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Identifying & Preventing Hazards During Planning Phases of Construction Projects

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During ASSE’s upcoming Construction Safety Symposium, Rebecca W. Shultz, CSP, CIH, president of Apex Environmental Management Inc., will share her insights on how to identify and prevent health hazards during the planning stages of construction projects. ASSE recently spoke with Shultz about the health and environmental hazards that can present themselves during construction projects and how to address these hazards to avoid major project delays and unexpected costs.

ASSE: What are some health hazard that can be found during demolition, construction or renovation and how do these hazards affect employees, projects and the bottom line? 
Rebecca: In demolition and renovation we are particularly concerned about asbestos, lead-based paint, PCBs and underground storage tanks. All of these issues can effectively halt a project in its tracks and cost major money to correct under time constraints. With newer construction, it’s wise to be aware of the hazardous materials used and how they may apply to new construction. 

ASSE: What are some benefits of looking for these hazards and planning before you start construction? 
Rebecca: We address two sides of construction: renovation/demolition and new construction. From the renovation/demolition standpoint it’s pretty straightforward. If issues are not identified, they can present major health concerns and problems moving forward with the project can be immense. Asbestos, for example, is a common problem. When contractors fail to conduct an asbestos inspection, it can end up delaying the project and causing a huge change in budget. On the new construction side, we want to ensure that we are able to deal with whatever issues may arise. We consider different variables. For example, are contractors using an adhesive that contains methylene chloride? Are they prepared with appropriate respirators and the appropriate ventilation? Are substitutions available? These are the types of things we like to help construction managers look for a plan for ahead of time. Construction deadlines are extraordinarily tight so we never like to jump in in the middle to make changes.

ASSE: What are some concerns associated with finding any of these health hazards mid project? Rebecca: Other than cost and timeline, employees can be exposed to materials and chemicals with both acute and chronic health effects.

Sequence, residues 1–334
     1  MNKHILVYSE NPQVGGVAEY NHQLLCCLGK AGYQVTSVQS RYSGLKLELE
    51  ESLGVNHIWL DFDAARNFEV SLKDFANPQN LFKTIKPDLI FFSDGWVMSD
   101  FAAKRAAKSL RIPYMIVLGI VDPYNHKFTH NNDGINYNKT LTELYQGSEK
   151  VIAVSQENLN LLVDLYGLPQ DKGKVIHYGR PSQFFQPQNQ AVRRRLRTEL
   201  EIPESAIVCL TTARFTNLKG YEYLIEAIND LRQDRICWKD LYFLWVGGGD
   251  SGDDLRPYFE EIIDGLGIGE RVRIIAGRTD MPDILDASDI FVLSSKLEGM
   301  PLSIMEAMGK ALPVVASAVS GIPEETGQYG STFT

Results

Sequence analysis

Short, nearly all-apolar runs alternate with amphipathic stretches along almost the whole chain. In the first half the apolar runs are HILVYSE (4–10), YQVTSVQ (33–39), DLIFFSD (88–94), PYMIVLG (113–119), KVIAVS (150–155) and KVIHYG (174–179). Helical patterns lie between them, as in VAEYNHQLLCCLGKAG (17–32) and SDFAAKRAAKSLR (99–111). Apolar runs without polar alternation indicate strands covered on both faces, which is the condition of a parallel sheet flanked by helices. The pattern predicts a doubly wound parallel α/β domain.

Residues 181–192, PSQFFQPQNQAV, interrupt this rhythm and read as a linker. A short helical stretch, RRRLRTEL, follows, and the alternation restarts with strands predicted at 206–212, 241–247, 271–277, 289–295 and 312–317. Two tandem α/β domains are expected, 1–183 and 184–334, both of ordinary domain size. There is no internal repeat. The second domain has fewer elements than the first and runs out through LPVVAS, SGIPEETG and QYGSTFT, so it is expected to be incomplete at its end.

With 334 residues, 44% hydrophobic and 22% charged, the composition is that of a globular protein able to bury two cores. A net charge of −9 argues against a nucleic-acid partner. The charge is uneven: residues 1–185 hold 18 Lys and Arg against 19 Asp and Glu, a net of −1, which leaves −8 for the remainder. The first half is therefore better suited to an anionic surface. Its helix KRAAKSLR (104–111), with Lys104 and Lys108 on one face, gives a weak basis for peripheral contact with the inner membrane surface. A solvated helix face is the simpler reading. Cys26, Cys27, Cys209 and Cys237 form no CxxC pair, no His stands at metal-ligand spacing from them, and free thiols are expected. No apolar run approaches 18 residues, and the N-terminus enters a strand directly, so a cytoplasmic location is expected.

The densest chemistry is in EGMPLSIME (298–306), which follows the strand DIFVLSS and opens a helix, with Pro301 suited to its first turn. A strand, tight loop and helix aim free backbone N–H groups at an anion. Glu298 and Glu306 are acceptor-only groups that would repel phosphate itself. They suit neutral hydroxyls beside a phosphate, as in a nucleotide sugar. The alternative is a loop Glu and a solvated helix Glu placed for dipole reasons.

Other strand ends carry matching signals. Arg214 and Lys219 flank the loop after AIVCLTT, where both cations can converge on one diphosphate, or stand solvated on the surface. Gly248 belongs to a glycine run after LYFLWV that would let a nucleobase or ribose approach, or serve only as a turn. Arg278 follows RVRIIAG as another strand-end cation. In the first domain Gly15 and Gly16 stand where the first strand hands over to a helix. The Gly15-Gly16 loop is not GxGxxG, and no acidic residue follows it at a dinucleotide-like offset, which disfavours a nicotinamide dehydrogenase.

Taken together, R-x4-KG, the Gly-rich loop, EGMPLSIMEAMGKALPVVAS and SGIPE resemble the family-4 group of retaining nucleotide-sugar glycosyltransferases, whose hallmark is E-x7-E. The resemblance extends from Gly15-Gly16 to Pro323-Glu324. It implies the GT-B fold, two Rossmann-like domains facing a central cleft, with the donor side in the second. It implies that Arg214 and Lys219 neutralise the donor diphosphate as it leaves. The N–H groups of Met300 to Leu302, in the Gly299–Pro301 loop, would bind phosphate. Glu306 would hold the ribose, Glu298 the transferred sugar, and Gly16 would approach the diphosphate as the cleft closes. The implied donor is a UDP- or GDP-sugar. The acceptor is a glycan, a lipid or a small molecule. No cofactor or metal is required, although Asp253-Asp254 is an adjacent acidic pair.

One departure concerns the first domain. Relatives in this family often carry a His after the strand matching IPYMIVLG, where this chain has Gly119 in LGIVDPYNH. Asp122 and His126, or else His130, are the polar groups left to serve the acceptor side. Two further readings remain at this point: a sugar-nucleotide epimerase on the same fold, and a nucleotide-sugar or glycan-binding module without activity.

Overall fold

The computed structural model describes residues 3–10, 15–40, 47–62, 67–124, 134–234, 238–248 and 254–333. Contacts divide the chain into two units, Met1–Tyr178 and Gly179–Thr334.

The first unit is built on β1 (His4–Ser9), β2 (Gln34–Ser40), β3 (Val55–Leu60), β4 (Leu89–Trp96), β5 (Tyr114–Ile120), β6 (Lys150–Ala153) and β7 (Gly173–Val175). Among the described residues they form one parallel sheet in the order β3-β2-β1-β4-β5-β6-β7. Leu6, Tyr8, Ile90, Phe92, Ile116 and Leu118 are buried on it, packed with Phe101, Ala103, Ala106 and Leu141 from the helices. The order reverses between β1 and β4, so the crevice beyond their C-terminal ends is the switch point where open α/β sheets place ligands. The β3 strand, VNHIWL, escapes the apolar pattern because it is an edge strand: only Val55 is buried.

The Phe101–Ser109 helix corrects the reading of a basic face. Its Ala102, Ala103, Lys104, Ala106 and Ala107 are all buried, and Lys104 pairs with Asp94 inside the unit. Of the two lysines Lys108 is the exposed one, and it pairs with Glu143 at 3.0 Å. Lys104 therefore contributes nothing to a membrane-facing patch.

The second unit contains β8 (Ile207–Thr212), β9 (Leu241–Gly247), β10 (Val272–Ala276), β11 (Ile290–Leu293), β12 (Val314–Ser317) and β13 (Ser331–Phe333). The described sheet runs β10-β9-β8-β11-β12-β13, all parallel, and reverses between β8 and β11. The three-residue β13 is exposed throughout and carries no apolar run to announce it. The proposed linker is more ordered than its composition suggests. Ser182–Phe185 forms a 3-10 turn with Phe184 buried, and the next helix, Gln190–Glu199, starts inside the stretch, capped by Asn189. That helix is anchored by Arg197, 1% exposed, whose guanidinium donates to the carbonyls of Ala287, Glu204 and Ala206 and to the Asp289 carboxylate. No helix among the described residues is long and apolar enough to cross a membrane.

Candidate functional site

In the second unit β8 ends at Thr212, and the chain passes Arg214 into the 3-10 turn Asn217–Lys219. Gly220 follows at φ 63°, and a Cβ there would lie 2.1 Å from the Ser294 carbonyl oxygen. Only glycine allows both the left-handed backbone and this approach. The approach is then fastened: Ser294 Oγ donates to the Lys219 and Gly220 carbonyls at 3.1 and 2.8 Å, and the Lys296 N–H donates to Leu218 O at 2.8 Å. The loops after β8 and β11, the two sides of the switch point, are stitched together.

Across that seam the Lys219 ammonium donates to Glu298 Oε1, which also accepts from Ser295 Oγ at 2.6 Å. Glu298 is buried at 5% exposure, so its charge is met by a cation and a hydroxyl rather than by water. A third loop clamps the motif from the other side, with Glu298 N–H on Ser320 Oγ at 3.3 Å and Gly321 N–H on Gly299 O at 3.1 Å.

ASSE: What are the costs and timelines of the preplanning that you must account for?
Rebecca: Larger construction projects usually have a large planning phase for the engineering and construction side of things. If given enough notice, the safety and healthplanning can usually get done well before a project is ready to kick off. I would say it usually takes a good month of planning. If you have situations where you have to go in and remove things like tanks and asbestos or lead-based paint, it will take longer depending on how much there is and how long it takes to remove. The cost will also vary depending on when the issues are found and how much removal must be done. If inspections are performed early to allow the appropriate amount of time to resolve the issue it could easily be four or five times cheaper. If issues are discovered mid-project, it can be very expensive and it can bring a job to a crushing halt. 

ASSE: How can employers and OSH professional identify and prevent health hazard during the planning stages of a project?
Rushing to meet client-imposed start dates and hurried timelines are typically the biggest issue in the planning phase that allows items to go unnoticed until mid-project. Luckily, several types of inspections and awareness training for estimators and project supervisors are available.

ASSE: Could you provide any examples on how not planning have led to major project delays, injuries and illnesses?
About 2 years ago, we had been involved in the front end with the planning phases of the demolition and redevelopment of a 14-story high-rise. At the time we told the project managers an inspection was needed to test for asbestos and lead, but then the project got put on hold for nearly a year. When new management came in, it failed to follow up on the inspection. The contractors refused to move forward on the project without a proper inspection, which ended up finding a huge amount of materials that had to be removed from the building. It took nearly 7 months to get all of the asbestos out of the building, stretching their timeline by the better portion of a year and increasing costs dramatically.

It is important to prepare for the fact or at least know that these issues exist and that your timeline could be extended so that you won’t be completely blind-sided. Asbestos, soil and groundwater contamination and lead-based paint are so heavily regulated that there is no room for getting it done quickly. It’s going to be by the book. You cannot rush the process simply because you forgot to plan ahead of time. Similarly, there is a 10-day notification period for asbestos abetment. So you are at a standstill for 10 days when identifying asbestos material just because that is what the regulations say.

Rebecca W. Shultz, CSP, CIH, will deliver her presentation, "Identifying and Preventing Health Hazards During Planning Phases of Projects," on Thursday, Nov. 12, during ASSE's Construction Safety Symposium in New Orleans, LA.